The U.S. Supreme Court has declined to review the case of 2006 Foothill High School valedictorian Brittany McComb, whose microphone was turned off by school officials at her graduation ceremonies when she spoke about the part her Christian beliefs had played in her success.
Ms. McComb had submitted her speech to administrators for review, in keeping with district policy. The school's censors decided to excise certain religious references. Ms. McComb attempted to deliver the original version of her speech. The moment she began to speak the censored words, school officials turned off her microphone. She sued.
In June 2007, a federal court in Nevada rejected the school district's second attempt to have her case dismissed, ruling Ms. McComb's lawsuit raised substantial free speech claims. But school officials appealed and the case was dismissed.
Should public school students be accorded all the freedoms outlined in the Bill of Rights? No. They are not free to speak words not approved by the school district to the "captive audience" of an official school function, any more than a student has a free speech right to drone on, disrupting a classroom and making it impossible for the teacher to work.
The problem is with the prohibitions against Congress found in the First Amendment, which states, "Congress shall make no law respecting an establishment of religion, or prohibiting the free exercise thereof."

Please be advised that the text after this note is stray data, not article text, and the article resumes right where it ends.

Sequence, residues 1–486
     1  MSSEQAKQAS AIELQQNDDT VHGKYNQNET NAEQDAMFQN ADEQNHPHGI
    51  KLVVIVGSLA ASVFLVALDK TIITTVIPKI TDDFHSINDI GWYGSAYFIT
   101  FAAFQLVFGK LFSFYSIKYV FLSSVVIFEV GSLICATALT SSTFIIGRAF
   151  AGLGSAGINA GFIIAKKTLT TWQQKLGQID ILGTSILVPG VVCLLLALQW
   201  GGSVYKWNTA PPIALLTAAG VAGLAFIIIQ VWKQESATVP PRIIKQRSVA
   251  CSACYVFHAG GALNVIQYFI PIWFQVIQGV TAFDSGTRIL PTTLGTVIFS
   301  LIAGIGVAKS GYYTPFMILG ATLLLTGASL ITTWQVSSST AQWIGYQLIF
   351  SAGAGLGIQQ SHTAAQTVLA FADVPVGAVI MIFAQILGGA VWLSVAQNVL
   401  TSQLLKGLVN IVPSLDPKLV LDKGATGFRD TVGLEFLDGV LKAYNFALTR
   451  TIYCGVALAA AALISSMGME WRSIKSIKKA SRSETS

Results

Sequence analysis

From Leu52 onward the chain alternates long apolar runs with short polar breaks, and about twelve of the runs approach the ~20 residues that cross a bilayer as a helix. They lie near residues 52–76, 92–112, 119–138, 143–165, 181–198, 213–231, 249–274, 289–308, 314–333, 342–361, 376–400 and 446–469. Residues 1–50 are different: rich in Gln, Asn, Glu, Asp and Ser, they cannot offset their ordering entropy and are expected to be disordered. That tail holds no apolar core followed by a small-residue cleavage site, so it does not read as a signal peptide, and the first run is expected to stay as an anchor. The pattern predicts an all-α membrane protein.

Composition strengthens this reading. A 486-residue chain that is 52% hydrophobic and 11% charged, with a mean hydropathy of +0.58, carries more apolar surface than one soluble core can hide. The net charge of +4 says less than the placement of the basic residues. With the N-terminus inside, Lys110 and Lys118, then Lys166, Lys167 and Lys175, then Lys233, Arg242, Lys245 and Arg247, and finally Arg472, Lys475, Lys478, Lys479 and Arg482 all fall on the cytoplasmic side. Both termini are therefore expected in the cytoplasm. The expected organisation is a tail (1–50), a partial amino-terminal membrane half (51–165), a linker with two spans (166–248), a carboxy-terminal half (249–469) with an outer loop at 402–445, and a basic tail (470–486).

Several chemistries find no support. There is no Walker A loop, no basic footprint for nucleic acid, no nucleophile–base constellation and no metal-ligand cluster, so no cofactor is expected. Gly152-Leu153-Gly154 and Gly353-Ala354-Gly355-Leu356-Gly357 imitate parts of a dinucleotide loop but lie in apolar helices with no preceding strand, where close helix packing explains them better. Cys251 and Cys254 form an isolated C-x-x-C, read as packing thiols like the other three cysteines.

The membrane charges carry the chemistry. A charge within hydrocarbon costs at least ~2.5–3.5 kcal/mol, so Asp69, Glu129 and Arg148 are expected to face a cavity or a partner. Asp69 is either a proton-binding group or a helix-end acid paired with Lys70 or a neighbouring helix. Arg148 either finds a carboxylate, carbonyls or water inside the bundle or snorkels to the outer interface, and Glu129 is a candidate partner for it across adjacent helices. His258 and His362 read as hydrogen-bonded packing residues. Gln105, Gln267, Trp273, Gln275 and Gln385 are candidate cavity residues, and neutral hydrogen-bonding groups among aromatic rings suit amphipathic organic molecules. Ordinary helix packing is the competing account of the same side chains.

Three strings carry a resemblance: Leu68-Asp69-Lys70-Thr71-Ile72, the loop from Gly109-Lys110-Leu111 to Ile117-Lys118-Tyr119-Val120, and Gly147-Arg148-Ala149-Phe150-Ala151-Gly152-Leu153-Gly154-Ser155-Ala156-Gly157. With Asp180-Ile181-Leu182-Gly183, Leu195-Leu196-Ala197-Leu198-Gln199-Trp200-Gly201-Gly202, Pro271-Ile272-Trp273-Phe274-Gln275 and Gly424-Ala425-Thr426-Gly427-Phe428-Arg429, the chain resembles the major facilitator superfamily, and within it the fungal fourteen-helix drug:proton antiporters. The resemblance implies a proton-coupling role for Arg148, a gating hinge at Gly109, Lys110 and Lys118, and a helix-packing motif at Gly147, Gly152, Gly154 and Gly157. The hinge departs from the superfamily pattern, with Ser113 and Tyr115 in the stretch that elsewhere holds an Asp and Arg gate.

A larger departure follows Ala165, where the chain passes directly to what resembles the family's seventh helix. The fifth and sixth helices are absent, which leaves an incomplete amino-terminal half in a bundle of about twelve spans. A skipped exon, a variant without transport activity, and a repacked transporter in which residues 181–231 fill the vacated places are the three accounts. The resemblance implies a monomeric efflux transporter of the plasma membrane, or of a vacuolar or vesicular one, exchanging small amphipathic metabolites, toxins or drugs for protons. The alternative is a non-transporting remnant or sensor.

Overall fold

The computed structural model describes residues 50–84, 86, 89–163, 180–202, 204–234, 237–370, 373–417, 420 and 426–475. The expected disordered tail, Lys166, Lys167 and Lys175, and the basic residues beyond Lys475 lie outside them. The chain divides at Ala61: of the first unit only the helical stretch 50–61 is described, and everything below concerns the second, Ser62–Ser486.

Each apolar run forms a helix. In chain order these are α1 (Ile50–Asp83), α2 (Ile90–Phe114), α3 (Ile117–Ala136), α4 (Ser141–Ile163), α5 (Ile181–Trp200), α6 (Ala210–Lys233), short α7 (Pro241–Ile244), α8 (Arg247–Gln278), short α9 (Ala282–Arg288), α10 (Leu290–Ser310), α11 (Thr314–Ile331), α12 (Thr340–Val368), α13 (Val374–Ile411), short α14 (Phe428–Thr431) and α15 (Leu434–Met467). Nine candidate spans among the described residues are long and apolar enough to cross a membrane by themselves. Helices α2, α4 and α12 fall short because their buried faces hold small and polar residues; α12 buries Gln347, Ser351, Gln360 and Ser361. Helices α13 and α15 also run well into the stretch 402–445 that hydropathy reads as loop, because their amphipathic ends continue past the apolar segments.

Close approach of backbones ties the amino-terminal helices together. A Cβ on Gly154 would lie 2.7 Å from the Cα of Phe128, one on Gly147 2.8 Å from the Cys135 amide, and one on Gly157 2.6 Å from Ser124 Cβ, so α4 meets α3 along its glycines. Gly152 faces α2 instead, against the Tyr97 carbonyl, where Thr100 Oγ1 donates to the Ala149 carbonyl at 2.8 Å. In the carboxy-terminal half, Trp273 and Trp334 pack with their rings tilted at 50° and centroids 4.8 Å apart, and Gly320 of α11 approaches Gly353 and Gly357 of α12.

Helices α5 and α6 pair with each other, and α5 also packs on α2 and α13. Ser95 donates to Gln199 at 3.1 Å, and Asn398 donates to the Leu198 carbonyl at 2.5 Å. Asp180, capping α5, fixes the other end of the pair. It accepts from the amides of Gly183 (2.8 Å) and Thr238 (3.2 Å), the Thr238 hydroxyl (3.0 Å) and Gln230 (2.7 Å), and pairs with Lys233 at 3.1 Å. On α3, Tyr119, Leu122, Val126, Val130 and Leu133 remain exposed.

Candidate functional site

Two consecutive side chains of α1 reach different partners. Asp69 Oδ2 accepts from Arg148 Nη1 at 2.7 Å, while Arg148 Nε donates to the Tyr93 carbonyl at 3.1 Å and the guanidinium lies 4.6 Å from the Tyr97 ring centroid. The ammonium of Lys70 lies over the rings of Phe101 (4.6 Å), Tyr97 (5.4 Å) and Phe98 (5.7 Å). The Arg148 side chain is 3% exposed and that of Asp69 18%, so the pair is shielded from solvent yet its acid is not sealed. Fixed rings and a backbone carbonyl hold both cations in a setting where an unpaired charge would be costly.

When the government censors take out their editors' pencils and start dictating that a certain number of references to God are OK, but no more -- and certainly no mention of Jesus -- they push perilously close to the Establishment Clause. Government should not be judging how much religiosity is OK, which religions are permissible and which aren't.
Those who attended the district's 2006 graduation ceremonies reported the flashing of gang signs by students onstage was common, and that no effort was made to restrict those free expressions. Should we thus conclude the district approves of -- even "proselytizes" -- gang membership?
We have come to the point where public policy is not freedom of religion, but freedom from religion. This is one good reason the best students -- if their families can afford it -- increasingly flee the public schools, where social pathologies are more and more the norm.